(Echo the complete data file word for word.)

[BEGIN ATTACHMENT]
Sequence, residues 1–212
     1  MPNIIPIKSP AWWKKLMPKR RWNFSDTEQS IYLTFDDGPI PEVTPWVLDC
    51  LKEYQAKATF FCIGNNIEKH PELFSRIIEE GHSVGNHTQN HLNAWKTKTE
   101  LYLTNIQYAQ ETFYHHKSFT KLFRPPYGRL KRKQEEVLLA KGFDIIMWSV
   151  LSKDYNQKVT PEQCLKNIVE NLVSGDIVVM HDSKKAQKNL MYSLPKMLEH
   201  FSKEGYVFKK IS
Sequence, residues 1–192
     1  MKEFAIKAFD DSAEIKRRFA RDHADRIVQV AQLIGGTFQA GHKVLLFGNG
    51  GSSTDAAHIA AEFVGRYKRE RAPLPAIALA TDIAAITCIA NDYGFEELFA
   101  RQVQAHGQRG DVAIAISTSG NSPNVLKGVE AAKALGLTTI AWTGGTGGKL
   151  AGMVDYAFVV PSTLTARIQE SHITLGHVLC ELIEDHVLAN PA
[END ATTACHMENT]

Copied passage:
Sequence, residues 1–212
     1  MPNIIPIKSP AWWKKLMPKR RWNFSDTEQS IYLTFDDGPI PEVTPWVLDC
    51  LKEYQAKATF FCIGNNIEKH PELFSRIIEE GHSVGNHTQN HLNAWKTKTE
   101  LYLTNIQYAQ ETFYHHKSFT KLFRPPYGRL KRKQEEVLLA KGFDIIMWSV
   151  LSKDYNQKVT PEQCLKNIVE NLVSGDIVVM HDSKKAQKNL MYSLPKMLEH
   201  FSKEGYVFKK IS
Sequence, residues 1–192
     1  MKEFAIKAFD DSAEIKRRFA RDHADRIVQV AQLIGGTFQA GHKVLLFGNG
    51  GSSTDAAHIA AEFVGRYKRE RAPLPAIALA TDIAAITCIA NDYGFEELFA
   101  RQVQAHGQRG DVAIAISTSG NSPNVLKGVE AAKALGLTTI AWTGGTGGKL
   151  AGMVDYAFVV PSTLTARIQE SHITLGHVLC ELIEDHVLAN PA